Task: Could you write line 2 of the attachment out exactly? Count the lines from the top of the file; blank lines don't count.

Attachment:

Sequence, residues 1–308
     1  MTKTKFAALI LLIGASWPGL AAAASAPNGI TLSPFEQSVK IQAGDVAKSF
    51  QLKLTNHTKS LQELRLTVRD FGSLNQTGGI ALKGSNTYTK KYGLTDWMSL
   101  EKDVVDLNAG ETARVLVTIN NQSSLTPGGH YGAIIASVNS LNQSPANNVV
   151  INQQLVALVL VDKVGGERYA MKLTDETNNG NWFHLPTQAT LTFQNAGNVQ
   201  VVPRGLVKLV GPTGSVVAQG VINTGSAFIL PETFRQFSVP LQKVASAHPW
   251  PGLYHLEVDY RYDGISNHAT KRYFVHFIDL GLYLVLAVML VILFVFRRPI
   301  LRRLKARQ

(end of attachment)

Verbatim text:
     1  MTKTKFAALI LLIGASWPGL AAAASAPNGI TLSPFEQSVK IQAGDVAKSF